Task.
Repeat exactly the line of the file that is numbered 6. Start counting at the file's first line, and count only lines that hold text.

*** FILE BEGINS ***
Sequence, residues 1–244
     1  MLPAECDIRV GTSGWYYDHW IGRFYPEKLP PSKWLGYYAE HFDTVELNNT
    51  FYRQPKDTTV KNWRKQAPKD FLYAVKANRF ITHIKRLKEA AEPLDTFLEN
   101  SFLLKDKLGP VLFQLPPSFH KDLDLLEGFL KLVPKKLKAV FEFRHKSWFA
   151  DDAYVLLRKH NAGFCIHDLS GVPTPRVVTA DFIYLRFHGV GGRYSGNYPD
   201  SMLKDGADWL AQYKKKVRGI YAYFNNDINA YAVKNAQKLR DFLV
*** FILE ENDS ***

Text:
   201  SMLKDGADWL AQYKKKVRGI YAYFNNDINA YAVKNAQKLR DFLV